Steve's Tomato-Basil Soup
This tomato basil soup is a terrific, warming soup for the winter months, and also enjoyable in the springtime.
It was inspired by an attempt to replicate the tomato-basil soup from Gordon Biersch, a San Francisco-based microbrewer with restaurants in CA and Seattle."Wow, this was just what I wanted when I was craving tomato basil soup! I had to substitute diced tomatoes and dried basil but it was still fantastic. I added brown sugar as well to give the sweetness a bit of a rustic flavor. I also used a hand emulsifier, which really cuts down on time and dishes you have to do afterwards! I highly recommend a hand blender (I use the kitchenaid) to any soup connoisseur. " - katielekas
Yield: 8 Servings Ready in 45 minutes
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Verified by stevemur
Steve's Tomato-Basil Soup Preparation
In a large stockpot, heat vegetable oil over medium-low heat. Add sliced garlic, finely diced shallots and onion. Simmer for 5-10 minutes, or until onion starts to caramelize.
Add cans of crushed tomatoes; add sugar. Bring to a boil and then simmer for 5-10 minutes. Stir in chicken broth. Remove from heat and let cool a bit. Working in batches, puree the soup mixture in a blender or liquid-tight food processor. (NOTE: Heated liquid expands tremendously when you try to puree it -- only fill it halfway full at most, each time!) Put pureed mixture in a bowl, then rinse the stockpot out and put pureed soup base back in.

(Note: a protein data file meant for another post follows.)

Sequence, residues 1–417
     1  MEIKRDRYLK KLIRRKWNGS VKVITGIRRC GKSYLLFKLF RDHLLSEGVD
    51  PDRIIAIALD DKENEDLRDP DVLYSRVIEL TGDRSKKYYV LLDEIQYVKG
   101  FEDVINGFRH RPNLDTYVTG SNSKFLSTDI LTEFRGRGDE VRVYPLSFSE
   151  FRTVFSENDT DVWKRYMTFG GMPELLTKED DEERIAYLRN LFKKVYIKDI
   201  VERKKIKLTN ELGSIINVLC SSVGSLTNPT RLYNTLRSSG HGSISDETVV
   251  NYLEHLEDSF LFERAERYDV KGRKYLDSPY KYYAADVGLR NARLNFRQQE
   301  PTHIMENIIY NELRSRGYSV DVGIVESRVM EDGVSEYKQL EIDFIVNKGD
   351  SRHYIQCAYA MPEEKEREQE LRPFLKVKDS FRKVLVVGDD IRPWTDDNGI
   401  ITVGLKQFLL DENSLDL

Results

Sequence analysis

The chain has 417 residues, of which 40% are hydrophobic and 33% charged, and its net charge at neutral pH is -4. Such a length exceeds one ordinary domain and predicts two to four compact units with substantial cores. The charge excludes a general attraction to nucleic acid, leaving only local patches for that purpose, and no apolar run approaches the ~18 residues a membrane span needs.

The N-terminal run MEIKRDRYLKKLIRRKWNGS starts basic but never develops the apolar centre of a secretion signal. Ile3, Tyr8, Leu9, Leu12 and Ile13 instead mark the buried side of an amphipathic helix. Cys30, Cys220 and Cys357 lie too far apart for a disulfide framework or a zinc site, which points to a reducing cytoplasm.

OPTIONAL: If you'd like a smooth texture to the soup, you should cool it and strain it at this point, working in batches, with a sieve. (I prefer the more rustic texture of pureed but unstrained soup.)
It can remain in this state (refrigerated) for a few days, until ready to serve.
To serve, bring tomato soup mixture to medium heat, and then stir in cream. (In this way, you are keeping the cream out of the pureeing step -- which might whip it -- and also the heating-to-boiling step -- which might curdle it.)
Top with basil, rolled gently and sliced very thinly (i.e., chiffonade). Pair with a crisp Pinot Grigio or Savignon Blanc, or even a deep red like a Cabernet.
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